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Why did William take the long route around London?

Why did William take the long route around London?

London was protected by the River Thames, the only access point being a fortified bridge which would have been easily defended by a small force. Deciding not to risk a river crossing, William torched the suburb of Southwark instead, although there may have been a minor skirmish between the two sides.

Why was London important to William?

But London was both powerful and wealthy and William needed its income from taxes. It was necessary for him to guard himself against uprising but also gain the allegiance of the town’s population.

Why is William the Conqueror the first English king?

At the Battle of Hastings on October 14, 1066, William, duke of Normandy, defeated the forces of Harold II, king of England, and then was himself crowned king as William I, leading to profound political, administrative, and social changes in the British Isles as result of the Norman Conquest.

How did Harold the Conqueror get his claim?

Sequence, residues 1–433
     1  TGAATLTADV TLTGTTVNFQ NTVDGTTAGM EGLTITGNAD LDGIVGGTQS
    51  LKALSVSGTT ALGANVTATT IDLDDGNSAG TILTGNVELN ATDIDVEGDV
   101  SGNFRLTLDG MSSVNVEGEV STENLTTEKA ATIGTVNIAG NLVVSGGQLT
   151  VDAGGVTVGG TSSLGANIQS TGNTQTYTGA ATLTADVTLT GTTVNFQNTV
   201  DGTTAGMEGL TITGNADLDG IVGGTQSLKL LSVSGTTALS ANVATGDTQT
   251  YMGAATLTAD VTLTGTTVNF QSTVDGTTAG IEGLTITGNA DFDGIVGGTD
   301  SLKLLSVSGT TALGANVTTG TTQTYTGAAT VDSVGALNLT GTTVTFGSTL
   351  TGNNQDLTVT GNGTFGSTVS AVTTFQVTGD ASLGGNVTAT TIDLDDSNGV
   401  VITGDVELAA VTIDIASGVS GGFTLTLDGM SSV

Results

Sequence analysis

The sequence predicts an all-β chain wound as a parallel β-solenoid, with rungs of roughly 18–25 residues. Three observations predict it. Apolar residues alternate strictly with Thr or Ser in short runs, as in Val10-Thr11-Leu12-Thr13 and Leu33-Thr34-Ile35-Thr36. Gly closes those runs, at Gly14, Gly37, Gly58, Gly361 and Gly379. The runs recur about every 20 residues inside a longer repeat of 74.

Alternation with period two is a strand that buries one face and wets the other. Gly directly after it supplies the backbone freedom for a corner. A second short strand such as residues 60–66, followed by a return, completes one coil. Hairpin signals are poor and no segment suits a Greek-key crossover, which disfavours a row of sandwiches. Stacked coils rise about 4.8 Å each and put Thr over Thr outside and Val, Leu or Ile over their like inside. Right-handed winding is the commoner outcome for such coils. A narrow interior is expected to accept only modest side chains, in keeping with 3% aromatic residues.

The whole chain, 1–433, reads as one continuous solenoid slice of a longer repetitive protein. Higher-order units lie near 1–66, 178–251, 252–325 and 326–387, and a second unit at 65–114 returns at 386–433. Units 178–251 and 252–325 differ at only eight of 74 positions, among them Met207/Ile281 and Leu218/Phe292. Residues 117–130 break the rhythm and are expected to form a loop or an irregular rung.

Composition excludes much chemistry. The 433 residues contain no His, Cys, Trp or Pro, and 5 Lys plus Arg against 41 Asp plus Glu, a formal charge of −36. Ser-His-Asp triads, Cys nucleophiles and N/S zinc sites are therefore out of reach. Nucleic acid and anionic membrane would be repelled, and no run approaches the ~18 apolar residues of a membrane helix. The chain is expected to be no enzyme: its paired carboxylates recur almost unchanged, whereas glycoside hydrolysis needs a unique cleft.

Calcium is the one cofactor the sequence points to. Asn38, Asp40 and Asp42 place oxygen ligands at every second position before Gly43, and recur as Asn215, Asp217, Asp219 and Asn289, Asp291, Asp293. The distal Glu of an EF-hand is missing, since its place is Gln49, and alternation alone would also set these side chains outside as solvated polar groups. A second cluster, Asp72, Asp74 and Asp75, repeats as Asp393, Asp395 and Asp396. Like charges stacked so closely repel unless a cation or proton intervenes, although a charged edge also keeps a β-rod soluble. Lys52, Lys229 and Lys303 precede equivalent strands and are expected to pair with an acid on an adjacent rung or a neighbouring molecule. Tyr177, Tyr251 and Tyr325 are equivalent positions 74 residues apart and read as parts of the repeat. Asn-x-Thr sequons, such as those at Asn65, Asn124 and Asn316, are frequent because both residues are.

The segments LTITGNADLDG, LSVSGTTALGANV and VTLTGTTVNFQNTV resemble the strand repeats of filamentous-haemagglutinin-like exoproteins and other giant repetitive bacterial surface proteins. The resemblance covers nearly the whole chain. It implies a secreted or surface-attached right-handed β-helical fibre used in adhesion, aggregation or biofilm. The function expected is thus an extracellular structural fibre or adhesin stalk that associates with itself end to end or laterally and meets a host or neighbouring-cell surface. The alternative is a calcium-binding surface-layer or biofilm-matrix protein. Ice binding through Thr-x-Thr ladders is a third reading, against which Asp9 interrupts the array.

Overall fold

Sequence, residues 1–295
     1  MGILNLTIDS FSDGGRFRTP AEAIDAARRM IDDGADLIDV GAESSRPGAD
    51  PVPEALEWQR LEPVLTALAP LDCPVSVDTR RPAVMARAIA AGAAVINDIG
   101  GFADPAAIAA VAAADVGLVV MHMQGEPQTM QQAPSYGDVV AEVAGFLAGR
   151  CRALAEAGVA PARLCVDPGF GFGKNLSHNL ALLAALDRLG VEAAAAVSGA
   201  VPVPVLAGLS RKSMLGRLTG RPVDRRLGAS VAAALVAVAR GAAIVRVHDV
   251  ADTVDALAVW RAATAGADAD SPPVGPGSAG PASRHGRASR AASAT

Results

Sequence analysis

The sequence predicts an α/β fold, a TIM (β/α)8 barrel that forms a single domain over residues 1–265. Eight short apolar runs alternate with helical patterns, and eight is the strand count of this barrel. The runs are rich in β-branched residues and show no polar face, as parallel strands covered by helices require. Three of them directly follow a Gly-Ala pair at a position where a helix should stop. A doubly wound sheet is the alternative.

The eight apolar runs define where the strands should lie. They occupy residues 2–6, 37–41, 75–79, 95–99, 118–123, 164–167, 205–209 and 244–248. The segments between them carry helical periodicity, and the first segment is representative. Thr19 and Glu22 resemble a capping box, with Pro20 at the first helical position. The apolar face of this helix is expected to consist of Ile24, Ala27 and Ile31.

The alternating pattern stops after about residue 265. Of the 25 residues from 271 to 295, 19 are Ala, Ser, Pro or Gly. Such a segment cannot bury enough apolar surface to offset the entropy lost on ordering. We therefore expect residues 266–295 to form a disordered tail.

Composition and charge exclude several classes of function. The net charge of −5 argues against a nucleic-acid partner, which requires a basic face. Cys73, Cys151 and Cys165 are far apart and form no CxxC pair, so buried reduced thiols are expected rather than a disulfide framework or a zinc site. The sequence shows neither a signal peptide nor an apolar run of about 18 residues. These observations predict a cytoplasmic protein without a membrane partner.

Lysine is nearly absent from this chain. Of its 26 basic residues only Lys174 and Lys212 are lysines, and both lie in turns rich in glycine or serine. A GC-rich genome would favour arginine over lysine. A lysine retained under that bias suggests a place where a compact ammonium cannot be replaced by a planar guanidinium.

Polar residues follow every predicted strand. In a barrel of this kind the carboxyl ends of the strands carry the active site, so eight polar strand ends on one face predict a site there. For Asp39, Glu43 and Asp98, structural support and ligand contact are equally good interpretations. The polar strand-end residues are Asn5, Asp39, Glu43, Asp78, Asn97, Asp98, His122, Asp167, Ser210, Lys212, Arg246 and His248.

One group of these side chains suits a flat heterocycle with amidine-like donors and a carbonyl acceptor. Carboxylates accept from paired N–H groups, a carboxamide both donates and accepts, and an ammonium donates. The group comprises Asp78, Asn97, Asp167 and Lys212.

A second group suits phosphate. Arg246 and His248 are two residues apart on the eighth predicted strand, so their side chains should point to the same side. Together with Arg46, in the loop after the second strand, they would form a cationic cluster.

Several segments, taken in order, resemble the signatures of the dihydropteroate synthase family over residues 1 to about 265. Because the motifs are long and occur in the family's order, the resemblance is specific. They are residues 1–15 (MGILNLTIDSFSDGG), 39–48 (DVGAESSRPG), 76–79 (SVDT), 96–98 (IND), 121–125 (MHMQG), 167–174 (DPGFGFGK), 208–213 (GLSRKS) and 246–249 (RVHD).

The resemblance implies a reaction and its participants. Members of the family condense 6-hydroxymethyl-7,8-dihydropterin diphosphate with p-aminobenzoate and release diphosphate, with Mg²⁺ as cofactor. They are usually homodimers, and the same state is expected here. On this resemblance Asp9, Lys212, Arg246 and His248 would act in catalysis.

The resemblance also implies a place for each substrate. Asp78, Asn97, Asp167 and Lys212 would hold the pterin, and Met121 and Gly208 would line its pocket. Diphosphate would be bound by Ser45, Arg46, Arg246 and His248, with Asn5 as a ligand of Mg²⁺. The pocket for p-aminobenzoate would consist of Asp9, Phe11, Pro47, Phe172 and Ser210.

Harold was surprised by this move, expecting William to attack first, so he marched north and killed both his brother and the Norwegian King. One week after the victory, he received word that William had crossed the channel. He met William at Senlac hill and died in battle. William got the claim.

Why did Robert the Conqueror leave William as his heir?

As Robert had no legal heir, he made his nobles acknowledge William as his heir and to swear fealty to the boy. Shortly after, Robert went on a pilgrimage to the Holy Land from which he would never return, leaving Normandy to be squabbled over by the remaining Norman gentry.

What was King William’s only claim to the throne?

William’s only claim to the throne of England came after he won the Battle of Hastings and King Harold had been killed. So, his only claim was by that of conquest.

Who was crowned at Westminster Abbey in 1066?

On Christmas Day 1066, Westminster Abbey saw its third royal ceremony within a year: the coronation of King William I. [The other two were the burial of Edward the Confessor and the coronation of King Harold.]